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Date: -- (:)
From: Arnaud Spiwack <aspiwack@l...>
Subject: Re: [Caml-list] ANN: pattern guards
A (too) quick answer could of course be: "in the absence of a 'with 
clause', it is considered the identity 'with clause'". But I'm not sure 
it's that satisfying in practice. (it precisely and accurately adresses 
this very case John Skaller is raising, but not the same example with an 
additional variable in each constructor...).

A suitable solution for nested guarded patterns could be, instead of 
saying "all the branches of the or-pattern must agree on the variable", 
to use a less coercive, but more compromising law : "only the variable 
common in all the branches of the or-pattern are bound in the match 
branch". This sentence uses "branch" far too many times, which makes it 
awkward and slighlty evil, but the principle is there :

function
| A x | B t -> %1

Would bind nothing in %1, but still be legal (should raise "unused 
variable" warnings though). More interestingly :

function
| C x with z=3 and w=2*x | D z r s v with w = r+s+v -> %2

Would bind z and w only in %2 (without "unused variable" warning this 
time, provided %2 contains z and w).

At the moment I'm writing this mail, it sounds like a safe way to 
proceed. And to be resemble what Jeremy Yallop was suggesting in his 
last mail as well.

PS : Slight variants this solution, which I would consider messier 
myself, would be to say that "only the with -clause pattern variables 
are considered bound in the branch body", as Skaller suggested. And that 
an identity with clause is added "each time it is necessary for the 
branch body" (though this is not clear in case of naming conflict) or 
"each time is is necessary for all the branches to have the same set of 
variables" (plus the "no with is all identities" thingy) which may be 
safe as well (but the original one sounds more flexible).


Arnaud Spiwack


skaller a écrit :
> On Fri, 2007-06-29 at 19:56 +0100, Jeremy Yallop wrote:
>   
>> skaller wrote:
>>     
>>> On Fri, 2007-06-29 at 15:19 +0100, Jeremy Yallop wrote:
>>>       
>>>> I'm pleased to announce the initial release of `patterns', an OCaml
>>>> extension providing general-purposes additions to pattern matching.
>>>>         
>>> I want to do this:
>>>
>>> 	match x with
>>> 	| Y x with a=x and b=x
>>> 	| X (y,z) with a=y and b=z
>>> 	-> f a b
>>>       
>> Interesting.  Do you want 'z' to be in scope in the guards ("a=y" etc.) 
>> but not in the expression ("f a b")?  Or do you just generally want to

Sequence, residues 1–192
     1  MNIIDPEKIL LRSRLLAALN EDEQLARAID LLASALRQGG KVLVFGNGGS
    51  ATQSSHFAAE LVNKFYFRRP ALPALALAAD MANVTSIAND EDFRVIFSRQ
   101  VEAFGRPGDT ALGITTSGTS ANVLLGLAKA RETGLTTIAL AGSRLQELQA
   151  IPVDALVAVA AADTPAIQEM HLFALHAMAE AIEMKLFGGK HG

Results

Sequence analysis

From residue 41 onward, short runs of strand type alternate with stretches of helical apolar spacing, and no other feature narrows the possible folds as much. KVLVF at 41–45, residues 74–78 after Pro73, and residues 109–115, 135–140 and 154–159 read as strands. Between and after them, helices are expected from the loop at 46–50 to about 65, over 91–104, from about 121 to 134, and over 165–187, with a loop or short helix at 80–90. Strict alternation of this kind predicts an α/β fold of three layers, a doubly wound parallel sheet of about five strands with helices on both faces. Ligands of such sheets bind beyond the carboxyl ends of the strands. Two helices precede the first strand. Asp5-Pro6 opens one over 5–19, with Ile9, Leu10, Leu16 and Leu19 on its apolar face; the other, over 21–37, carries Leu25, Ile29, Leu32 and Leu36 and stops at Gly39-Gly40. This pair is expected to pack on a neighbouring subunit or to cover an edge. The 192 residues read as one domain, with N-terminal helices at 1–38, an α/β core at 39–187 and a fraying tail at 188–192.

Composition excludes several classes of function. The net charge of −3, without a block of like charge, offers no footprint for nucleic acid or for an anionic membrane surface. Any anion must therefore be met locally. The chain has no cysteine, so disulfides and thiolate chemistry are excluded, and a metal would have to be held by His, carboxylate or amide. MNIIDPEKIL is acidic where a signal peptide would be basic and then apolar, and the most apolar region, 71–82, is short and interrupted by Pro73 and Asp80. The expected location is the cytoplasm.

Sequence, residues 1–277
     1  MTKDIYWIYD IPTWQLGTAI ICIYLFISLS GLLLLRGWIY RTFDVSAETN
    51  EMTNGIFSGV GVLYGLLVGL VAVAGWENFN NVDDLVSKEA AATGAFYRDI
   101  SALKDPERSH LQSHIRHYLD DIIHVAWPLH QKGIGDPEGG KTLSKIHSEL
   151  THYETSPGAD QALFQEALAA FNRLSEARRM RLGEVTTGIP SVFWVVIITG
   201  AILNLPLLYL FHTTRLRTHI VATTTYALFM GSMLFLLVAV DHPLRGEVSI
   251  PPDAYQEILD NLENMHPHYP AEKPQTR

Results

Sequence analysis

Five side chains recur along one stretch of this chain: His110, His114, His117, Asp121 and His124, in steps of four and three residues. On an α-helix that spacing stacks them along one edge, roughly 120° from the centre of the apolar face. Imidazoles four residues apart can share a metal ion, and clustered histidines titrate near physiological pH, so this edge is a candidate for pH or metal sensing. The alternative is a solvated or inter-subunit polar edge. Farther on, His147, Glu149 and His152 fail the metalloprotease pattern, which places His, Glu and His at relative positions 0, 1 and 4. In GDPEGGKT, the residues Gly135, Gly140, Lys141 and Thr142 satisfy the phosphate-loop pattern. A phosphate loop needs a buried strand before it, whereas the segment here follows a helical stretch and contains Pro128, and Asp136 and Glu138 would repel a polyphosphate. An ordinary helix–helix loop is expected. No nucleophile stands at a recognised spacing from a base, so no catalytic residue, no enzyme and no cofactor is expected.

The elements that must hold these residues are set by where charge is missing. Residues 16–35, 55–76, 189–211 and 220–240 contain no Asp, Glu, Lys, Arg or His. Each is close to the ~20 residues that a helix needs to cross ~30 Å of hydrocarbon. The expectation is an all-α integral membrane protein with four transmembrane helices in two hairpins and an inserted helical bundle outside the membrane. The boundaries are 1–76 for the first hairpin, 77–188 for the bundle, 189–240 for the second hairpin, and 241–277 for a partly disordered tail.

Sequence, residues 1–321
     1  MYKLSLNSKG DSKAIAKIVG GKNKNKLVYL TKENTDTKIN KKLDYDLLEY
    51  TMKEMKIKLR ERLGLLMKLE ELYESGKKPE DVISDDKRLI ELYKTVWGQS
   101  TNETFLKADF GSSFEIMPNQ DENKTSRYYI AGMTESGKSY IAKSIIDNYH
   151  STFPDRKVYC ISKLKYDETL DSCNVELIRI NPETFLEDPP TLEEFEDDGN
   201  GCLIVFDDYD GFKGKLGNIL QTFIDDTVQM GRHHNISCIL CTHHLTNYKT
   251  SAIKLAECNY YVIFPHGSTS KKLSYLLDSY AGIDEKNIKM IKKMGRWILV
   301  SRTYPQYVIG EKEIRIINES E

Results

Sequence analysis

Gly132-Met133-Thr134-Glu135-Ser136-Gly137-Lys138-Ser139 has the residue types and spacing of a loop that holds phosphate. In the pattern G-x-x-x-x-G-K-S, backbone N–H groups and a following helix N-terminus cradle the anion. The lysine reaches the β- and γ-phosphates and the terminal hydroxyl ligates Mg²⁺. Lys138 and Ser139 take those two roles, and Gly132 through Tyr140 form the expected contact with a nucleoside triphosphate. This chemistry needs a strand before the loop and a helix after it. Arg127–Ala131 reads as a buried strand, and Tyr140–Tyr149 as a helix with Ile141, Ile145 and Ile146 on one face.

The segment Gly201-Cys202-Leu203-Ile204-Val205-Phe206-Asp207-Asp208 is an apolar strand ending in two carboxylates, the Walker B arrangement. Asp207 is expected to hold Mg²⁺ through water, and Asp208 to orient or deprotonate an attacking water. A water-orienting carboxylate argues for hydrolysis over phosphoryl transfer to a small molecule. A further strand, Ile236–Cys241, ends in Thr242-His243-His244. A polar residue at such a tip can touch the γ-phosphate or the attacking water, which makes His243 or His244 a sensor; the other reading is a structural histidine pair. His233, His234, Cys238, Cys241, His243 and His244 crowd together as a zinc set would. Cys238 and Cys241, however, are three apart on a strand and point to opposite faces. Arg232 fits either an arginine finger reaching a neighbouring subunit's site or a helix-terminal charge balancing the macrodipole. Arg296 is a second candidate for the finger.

>> allow or-patterns where the branches have different bindings as long as 
>> the expression only uses variables that are bound in every branch?
>>     
>
> Good question. I don't know. In theory, the idea is a 
> 'change of variables' as in a coordinate transformation, so only the
> 'final' variables should be in scope, i.e. 'z' would not be in scope.
>
> In practice, a suitable syntax needs to be devised which is convenient
> to use: a common case would be:
>
> 	| X with x = 1
> 	| Y x -> f x
>
> and it would be messy to have to write the identity change of variables
> in the second branch.. so I'm open to suggestions as to syntax.
>
>   
>>> This won't work at the moment for two reasons:
>>>
>>> * I assume the precedence of 'with' is the same as 'when',
>>>   which is not convenient
>>>       
>> Right: "with" scopes over an entire match-case, which might include 
>> or-patterns, just as with "when".
>>     
>
> Which is a pain, you can't write:
>
> 	(
> 	| X 
> 	| Y x when f x 
> 	| Z x when g x 
> 	)
> 	-> ....
>
> [Felix allows nested 'when' clauses but not alternatives .. the latter
> due to laziness on my part implementing it]
>
>   
>>> * the variables in the basic patterns don't agree
>>>
>>> The whole point of the above is to switch all the branches
>>> to normalised variables. At the moment I have to write:
>>>
>>> 	match x with
>>> 	| Y x -> f x x
>>> 	| X (y,z) -> f y z
>>>       
>> Unless I'm mistaken you can write this as
>>
>>      match x with
>>      | Y (y as z)
>>      | X (y,z)    -> f y z
>>
>> Is there some more general case for which this won't work out?
>>     
>
> Of course! See above. Conceptually you need an arbitrary
> change of variables. For example:
>
> 	| Polar (r, theta) with z = polar r theta
> 	| Cartesian (x,y)  with z = cartesian x y
> 	-> f z
>
> As far as I can see this is basically eta-expansion,
> known to dummies like me as a 'wrapper function',
> which for functions allows you call a function with one
> set of variables with a completely different set of variables
> by a standard change of variables
>
> The idea is basically that, but 'moved' to the other
> side of the -> sign in a pattern match. The above case
> can of course be written:
>
> 	| Polar (r, theta) -> let z = polar r theta in f z
> 	| Cartestian (x,y) -> let z = cartesian x y in f z
>
> but involves duplicating the call to f.
>
> BTW: I'm writing some basic Scheme at the moment and I'm struck
> by how much is lost, not having pattern matching -- yet
> of course it is almost all just sugar.
>
> BTW2: It also strikes me good syntactic design is a tradeoff
> between the tensions of avoiding duplication and gratuitous
> invention, retaining localisation (things should be 
> defined near where they're used), and modularity
> (name anything complex).
>
> So for example simple anonymous functions are good
> (localisation), let/in is good (factor complexity
> but retain localisation) and C++ sucks (loss of
> localisation).
>
>